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Intelligent Design as a Positive Research Program

Criticism, however, is never enough. I'm fond of quoting the statement by Napoleon III that one never destroys a thing until one has replaced it. Although it is not a requirement of logic that scientific theories can only be rejected once a better alternative has been found, this does seem to be a fact about the sociology of science -- to wit, scientific theories give way not to criticism but to new, improved theories. Concerted criticism of Darwinism within the growing community of design theorists was therefore only the first step. To be sure, it was a necessary first step since confidence in Darwinism and especially the power of natural selection needed first to be undermined before people could take seriously the need for an alternative theory (this is entirely in line with Thomas Kuhn's stages in a scientific revolution). Once that confidence was undermined, the next step was to develop a positive scientific research program as an alternative to Darwinism and more generally to naturalistic approaches to the origin and subsequent development of life.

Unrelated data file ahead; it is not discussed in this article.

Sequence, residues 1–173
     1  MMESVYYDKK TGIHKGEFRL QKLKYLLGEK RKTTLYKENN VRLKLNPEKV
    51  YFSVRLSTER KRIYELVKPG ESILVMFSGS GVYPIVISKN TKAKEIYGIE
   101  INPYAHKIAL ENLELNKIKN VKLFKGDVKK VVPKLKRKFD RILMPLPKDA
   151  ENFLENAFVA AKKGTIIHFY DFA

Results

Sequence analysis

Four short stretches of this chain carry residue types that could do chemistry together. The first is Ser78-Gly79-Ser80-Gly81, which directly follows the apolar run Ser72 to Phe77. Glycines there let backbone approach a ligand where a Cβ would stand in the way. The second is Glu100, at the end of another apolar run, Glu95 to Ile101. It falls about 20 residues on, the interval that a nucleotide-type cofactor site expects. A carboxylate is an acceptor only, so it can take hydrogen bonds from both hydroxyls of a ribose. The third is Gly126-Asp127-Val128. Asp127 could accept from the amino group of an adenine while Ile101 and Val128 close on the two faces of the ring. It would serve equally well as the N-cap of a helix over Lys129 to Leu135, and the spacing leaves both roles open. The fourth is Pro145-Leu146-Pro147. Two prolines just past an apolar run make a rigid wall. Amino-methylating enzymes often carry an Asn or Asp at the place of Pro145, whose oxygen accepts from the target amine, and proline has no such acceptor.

In broad strokes, the positive research program of the intelligent design movement looks as follows (here I'm going to do a conceptual rather than a historical reconstruction):

  1. Much as Darwin began with the commonsense recognition that artificial selection in animal and plant breeding experiments is capable of directing organismal variation (which he then bootstrapped into a general mechanism to account for all organismal variation), so too the intelligent design research program begins with the commonsense recognition that humans draw design inferences routinely in ordinary life, explaining some things in terms of purely natural causes and other things in terms of intelligence or design (cf. archeologists attributing rock formations in one case to erosion and in another to design -- as with the megaliths at Stonehenge).